Three Updates: Callaway v. Acushnet, Intellectual Ventures v. Xilinx, Zimmer Spine v. NuVasive

Scott Daniels | March 10, 2011

1.  Callaway v. Acushnet

Last May we reported the possibility of a conflict between the PTO and the District Court in the golf ball patent dispute, Callaway v. Acushnet, 1:06-cv-0091-SLR (D. Del).  A jury had determined that Callaway’s four patents – U.S. Patent Nos. 6,210,293, 6,503,156, 6,506,130, 6,595,873 – were invalid over the prior art.  The accused products were Acushnet’s Titleist Pro VI® golf balls.  In the meantime, the PTO was conducting reexamination of each of the Callaway patents, and, conceivably could have reached a contrary conclusion rearding those patents. 

Yesterday, however, the PTO Board reached the same conclusion as the Delaware jury when it affirmed the prior art rejection of the claims of the ‘293, ‘156 and ‘873 patents.  Notable for reexamination practitioners, was the Board’s skepticism of Callaway’s commercial success argument that featured $1.5 billion in sales.  As has happened in many appeals, the Board found a lack of nexus between the claimed invention and the asserted commercial success.  Callaway had withdrawn the appeal of the ‘130 rejection. 

2.  Intellectual Ventures v. Xilinx

Each week seems to bring a new request by Xilinx for reexamination of one of the Intellectual Ventures patents from its case against Xilinx and several other companies. Intellectual Ventures v. Altera et al.  (Case No.  10–cv-1065-LPS (D. Del.)).  Yesterday Xilinx requested reexamination of IV’s U.S. Patent No. 6,993,669.  A request for reexamination of the last IV patent, U.S. Patent No. 5,675,808, is presumably on the way.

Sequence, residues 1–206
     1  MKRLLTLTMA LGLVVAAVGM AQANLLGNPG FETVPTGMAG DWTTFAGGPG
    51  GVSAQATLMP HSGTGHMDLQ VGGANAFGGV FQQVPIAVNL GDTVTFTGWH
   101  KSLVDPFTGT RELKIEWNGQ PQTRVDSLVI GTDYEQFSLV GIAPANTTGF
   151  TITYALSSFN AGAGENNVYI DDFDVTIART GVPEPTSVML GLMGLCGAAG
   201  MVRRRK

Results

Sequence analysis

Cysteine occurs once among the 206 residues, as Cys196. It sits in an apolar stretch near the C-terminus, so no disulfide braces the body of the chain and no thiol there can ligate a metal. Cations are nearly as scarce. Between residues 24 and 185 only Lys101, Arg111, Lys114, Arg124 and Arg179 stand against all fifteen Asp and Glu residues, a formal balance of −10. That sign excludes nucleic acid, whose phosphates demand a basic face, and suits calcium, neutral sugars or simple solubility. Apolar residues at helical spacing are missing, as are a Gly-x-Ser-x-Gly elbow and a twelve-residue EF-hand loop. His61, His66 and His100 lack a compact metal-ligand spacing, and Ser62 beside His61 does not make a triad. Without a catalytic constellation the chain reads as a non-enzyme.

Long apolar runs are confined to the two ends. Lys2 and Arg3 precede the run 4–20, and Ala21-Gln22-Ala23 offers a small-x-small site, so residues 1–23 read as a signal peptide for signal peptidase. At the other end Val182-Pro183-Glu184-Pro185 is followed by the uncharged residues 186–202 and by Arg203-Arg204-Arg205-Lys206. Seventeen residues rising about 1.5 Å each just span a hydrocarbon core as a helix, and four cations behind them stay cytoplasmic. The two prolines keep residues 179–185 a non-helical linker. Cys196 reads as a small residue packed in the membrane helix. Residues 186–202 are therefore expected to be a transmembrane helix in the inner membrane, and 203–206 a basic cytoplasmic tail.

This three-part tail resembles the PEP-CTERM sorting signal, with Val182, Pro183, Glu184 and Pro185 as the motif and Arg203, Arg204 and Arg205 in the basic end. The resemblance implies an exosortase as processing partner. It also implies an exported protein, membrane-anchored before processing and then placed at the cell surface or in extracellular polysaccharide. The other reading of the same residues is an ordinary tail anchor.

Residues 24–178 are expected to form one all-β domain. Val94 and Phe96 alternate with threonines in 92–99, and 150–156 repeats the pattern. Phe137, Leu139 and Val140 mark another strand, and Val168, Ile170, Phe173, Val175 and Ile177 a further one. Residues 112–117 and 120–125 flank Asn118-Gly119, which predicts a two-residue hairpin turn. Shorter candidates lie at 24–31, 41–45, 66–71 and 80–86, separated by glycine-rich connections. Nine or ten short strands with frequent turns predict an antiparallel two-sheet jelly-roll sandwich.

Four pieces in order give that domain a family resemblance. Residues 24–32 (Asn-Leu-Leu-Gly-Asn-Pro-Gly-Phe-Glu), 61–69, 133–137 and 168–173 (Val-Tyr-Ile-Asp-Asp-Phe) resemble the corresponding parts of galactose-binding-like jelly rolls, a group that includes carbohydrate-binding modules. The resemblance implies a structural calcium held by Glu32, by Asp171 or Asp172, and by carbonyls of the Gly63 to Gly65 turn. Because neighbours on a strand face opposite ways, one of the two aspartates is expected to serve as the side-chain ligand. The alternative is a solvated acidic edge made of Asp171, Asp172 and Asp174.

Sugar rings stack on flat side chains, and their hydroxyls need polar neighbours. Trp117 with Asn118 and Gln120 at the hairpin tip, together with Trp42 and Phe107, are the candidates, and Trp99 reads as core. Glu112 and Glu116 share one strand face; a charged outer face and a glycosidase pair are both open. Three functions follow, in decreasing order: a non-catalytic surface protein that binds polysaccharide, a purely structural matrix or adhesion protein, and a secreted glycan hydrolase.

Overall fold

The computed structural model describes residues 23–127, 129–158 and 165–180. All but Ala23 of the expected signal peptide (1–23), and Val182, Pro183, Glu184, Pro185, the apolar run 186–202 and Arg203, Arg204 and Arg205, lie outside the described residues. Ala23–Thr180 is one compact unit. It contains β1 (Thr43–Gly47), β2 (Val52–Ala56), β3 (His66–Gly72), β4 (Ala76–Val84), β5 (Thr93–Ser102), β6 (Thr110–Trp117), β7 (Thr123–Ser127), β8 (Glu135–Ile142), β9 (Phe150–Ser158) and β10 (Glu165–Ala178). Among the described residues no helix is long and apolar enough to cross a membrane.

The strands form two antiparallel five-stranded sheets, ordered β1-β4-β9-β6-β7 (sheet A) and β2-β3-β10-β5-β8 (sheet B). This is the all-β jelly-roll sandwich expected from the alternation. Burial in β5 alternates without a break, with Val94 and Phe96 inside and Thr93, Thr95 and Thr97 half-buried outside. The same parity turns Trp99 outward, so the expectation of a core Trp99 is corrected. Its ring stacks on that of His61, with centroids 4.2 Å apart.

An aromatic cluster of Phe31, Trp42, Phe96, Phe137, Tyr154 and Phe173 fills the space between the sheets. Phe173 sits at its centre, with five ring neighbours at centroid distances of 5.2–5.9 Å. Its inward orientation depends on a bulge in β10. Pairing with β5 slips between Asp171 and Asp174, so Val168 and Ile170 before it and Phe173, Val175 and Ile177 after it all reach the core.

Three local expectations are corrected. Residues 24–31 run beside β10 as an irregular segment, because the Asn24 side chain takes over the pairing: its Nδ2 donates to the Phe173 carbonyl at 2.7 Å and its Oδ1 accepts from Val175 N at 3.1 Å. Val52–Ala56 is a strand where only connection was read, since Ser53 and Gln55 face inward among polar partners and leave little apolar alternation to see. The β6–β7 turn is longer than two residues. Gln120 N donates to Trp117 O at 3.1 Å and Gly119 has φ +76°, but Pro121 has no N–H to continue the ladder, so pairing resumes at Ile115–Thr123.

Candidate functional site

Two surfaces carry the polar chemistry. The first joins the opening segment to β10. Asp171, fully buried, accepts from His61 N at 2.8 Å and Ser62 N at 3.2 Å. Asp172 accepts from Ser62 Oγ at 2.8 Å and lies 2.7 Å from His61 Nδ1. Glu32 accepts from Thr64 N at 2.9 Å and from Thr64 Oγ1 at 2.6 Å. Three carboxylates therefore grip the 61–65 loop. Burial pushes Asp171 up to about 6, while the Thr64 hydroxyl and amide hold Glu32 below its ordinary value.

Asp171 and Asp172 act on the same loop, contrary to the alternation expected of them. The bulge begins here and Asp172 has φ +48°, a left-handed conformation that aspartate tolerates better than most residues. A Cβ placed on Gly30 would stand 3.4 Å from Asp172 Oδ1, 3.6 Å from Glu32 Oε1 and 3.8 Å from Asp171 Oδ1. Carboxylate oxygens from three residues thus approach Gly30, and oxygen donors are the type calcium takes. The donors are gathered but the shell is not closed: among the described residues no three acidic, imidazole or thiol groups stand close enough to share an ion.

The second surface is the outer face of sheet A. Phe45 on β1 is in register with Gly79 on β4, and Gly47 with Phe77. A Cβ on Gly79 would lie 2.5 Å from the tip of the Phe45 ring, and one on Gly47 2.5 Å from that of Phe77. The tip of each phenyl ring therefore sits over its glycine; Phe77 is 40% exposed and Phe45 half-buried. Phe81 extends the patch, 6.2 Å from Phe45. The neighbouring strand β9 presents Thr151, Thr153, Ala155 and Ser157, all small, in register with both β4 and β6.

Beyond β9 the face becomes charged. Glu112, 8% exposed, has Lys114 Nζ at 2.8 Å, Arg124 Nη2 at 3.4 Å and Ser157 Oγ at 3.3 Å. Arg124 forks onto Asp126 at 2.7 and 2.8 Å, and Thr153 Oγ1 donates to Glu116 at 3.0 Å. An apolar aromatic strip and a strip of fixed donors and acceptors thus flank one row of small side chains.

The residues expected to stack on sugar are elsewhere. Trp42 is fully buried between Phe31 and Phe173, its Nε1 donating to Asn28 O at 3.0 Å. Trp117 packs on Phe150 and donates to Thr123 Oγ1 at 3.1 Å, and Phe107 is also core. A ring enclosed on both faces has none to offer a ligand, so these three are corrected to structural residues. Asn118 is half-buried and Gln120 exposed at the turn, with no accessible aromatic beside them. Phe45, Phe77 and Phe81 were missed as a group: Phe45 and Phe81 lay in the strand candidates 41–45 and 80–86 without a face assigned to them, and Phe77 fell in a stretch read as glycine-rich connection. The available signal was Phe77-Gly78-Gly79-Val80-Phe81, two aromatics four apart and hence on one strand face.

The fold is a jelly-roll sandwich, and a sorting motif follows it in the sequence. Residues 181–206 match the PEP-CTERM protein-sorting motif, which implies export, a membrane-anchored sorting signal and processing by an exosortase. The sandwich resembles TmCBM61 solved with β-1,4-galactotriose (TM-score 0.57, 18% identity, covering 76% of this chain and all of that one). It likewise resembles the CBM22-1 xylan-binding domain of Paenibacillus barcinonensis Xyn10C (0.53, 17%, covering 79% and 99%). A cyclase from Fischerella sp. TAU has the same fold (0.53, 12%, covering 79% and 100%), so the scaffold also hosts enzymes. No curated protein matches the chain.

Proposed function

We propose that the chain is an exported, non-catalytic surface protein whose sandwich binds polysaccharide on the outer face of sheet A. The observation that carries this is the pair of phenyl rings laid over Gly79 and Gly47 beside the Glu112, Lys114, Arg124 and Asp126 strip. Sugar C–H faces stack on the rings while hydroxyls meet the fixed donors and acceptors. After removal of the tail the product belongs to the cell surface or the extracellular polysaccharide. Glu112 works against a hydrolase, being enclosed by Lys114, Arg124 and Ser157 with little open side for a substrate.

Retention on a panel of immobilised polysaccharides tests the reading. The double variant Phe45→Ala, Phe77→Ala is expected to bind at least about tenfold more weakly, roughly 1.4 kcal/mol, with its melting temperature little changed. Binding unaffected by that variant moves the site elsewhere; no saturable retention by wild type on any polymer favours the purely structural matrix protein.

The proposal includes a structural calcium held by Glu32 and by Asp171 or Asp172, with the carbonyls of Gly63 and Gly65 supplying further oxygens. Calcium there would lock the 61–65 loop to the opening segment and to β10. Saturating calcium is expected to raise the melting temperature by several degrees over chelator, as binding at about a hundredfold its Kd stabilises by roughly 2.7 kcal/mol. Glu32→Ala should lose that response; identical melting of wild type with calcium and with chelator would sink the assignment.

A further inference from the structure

3.  Zimmer Spine v. NuVasive

We have previously mentioned that the examiner had withdrawn his rejection of the Zimmer Spine patent claims, in U.S. Patent No. 6,936,501, in the inter partes reexamination requested by rival NuVasive.  NuVasive made a comeback yesterday, however, when the Board reversed the examiner.  Specifically, the Board found that the Zimmer claims were anticipated by the prior art and therefore reversed the examiner’s decision to withdraw his earlier anticipation rejection. 

The Board’s decision is interesting in that it construes the claim terms in dispute, first by considering the definition from a general usage dictionary, and then finding that the specification is consistent with that definition.  The case also emphasizes the benefit a requester derives from its right to appeal in inter partes, as opposed to ex parte, reexamination.

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